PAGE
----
>     include actions on directories and specifies behavior when the new
>     parameter names a file that already exists.  That specification
>     requires that the action of the function be atomic.

> Note the last sentence there.

> Bye, Dragan

I stand corrected! Thanks.

Chris
--
My real address is: chris at lowth dot sea oh em
-> OpenSource e-mail virus protection : http://protector.sourceforge.net
-> iptables configuration wizards : http://www.lowth.com/LinWiz

 
 
 

Is the shell command "mv" atomic

Post by Villy Kru » Tue, 06 May 2003 21:33:20


On Thu, 03 Apr 2003 17:32:34 GMT,




>>> mv(1) uses rename(2) to do its work.  rename(2) is atomic.  Therefore,
>>> the race condition you describe cannot occur.  Your script is safe.

>>No: Not true for all Unixes - some have "rename" as a system, and for others
>>"rename" is library call that uses link and unlink to do it's work.

>I don't think any systems that use link/unlink have been produced for many
>years.  Can you give an example of a version of Unix less than 10 years old
>that works like that?

There is a subtle but important difference when the new name already
exists.  rename(2) will replace the new name if it already exists,
whereas link(2) will fail if you try to create a name which already
exists.  The algorithm for creating lock files usualy uses the link(2)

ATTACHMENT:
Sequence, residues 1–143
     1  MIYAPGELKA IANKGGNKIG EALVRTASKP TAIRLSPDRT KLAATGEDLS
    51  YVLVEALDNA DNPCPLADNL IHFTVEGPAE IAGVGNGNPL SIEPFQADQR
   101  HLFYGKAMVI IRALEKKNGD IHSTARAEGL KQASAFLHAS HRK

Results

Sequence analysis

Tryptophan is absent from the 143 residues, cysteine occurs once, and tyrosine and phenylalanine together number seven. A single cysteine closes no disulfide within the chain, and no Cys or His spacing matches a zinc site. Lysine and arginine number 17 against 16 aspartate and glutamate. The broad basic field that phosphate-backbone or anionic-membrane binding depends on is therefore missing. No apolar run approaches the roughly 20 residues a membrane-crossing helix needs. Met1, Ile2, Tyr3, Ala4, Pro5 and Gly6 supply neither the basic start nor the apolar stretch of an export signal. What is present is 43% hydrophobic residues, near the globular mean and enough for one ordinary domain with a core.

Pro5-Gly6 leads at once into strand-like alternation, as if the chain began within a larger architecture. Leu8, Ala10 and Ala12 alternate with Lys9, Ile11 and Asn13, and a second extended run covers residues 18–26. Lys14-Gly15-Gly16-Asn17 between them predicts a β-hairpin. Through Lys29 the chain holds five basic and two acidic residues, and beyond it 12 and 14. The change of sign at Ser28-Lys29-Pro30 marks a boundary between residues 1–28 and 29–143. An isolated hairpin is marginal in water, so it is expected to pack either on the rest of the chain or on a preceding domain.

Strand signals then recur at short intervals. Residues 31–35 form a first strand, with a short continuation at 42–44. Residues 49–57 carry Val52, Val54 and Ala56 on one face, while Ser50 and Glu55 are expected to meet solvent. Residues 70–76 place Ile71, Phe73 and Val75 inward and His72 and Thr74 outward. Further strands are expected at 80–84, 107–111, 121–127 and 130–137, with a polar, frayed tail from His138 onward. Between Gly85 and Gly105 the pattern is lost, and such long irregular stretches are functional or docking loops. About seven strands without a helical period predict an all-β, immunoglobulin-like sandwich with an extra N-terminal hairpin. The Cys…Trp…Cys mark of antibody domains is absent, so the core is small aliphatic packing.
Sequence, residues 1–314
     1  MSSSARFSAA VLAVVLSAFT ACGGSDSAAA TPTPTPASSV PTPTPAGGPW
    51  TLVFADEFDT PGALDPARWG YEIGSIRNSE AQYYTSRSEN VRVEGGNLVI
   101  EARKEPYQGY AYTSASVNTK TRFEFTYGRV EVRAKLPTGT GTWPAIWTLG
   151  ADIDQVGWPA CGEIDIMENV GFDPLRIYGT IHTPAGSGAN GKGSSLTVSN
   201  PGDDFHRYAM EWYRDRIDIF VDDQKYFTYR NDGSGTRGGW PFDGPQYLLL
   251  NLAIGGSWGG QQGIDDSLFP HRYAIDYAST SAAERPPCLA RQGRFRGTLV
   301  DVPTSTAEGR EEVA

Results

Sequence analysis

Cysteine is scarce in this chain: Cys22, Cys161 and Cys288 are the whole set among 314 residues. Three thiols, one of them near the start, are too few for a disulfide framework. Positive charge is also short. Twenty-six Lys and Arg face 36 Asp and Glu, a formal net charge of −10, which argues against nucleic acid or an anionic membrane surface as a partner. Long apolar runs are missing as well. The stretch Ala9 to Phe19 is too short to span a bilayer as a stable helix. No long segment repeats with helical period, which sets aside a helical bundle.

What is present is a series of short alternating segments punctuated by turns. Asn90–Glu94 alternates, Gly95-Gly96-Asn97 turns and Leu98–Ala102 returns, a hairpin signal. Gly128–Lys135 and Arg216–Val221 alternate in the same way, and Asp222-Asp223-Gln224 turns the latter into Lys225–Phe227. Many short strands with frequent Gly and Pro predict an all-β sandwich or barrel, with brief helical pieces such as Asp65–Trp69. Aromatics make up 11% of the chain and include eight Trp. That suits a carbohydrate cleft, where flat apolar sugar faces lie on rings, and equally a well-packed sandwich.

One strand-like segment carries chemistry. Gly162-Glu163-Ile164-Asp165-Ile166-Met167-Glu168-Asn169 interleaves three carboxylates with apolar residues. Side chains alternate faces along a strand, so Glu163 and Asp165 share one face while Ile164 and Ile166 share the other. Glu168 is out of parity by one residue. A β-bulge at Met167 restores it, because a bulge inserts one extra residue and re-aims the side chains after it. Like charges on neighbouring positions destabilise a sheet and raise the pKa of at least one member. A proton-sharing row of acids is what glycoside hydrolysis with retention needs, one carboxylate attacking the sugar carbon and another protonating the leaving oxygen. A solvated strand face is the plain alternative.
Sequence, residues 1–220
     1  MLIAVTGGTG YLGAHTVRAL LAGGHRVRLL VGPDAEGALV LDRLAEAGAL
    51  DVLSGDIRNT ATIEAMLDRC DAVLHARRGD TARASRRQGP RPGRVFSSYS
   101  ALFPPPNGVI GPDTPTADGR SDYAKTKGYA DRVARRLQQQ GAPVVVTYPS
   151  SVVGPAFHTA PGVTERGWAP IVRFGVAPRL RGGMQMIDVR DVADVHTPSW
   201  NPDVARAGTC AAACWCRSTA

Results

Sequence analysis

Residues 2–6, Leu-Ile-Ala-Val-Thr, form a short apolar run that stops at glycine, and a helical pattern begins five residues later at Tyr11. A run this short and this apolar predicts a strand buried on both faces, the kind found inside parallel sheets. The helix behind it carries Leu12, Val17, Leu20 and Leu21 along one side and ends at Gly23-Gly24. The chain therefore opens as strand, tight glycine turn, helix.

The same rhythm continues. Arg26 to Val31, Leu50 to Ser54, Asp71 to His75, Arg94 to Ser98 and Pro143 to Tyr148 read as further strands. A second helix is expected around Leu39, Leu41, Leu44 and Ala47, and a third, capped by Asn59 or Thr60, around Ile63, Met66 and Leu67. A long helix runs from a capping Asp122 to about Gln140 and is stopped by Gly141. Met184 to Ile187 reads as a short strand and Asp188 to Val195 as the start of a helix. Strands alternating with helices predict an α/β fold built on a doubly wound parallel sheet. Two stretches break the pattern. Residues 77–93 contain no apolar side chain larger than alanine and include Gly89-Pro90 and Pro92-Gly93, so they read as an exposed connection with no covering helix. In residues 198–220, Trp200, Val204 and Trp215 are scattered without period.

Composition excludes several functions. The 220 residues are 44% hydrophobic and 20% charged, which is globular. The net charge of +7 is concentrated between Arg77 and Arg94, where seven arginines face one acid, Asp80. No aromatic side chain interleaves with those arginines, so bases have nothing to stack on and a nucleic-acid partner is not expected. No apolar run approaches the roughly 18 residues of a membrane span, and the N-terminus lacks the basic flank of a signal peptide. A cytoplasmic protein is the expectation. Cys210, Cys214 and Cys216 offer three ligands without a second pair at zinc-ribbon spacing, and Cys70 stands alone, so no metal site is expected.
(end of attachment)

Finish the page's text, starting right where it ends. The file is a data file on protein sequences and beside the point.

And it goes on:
call to test and creat a file name in an atomic manner in such a way
that an existing file can't be replaced.

Villy

 
 
 

Is the shell command "mv" atomic

Post by Pascal Bourguigno » Thu, 08 May 2003 13:31:33



> On Thu, 03 Apr 2003 17:32:34 GMT,




> >>> mv(1) uses rename(2) to do its work.  rename(2) is atomic.  Therefore,
> >>> the race condition you describe cannot occur.  Your script is safe.

> >>No: Not true for all Unixes - some have "rename" as a system, and for others
> >>"rename" is library call that uses link and unlink to do it's work.

> >I don't think any systems that use link/unlink have been produced for many
> >years.  Can you give an example of a version of Unix less than 10 years old
> >that works like that?

> There is a subtle but important difference when the new name already
> exists.  rename(2) will replace the new name if it already exists,
> whereas link(2) will fail if you try to create a name which already
> exists.  The algorithm for creating lock files usualy uses the link(2)
> call to test and creat a file name in an atomic manner in such a way
> that an existing file can't be replaced.

> Villy

mv is able to do cp/rm when you're moving accross fiel systems.
Otherwise, in the cases where it uses rename, it should be atomic.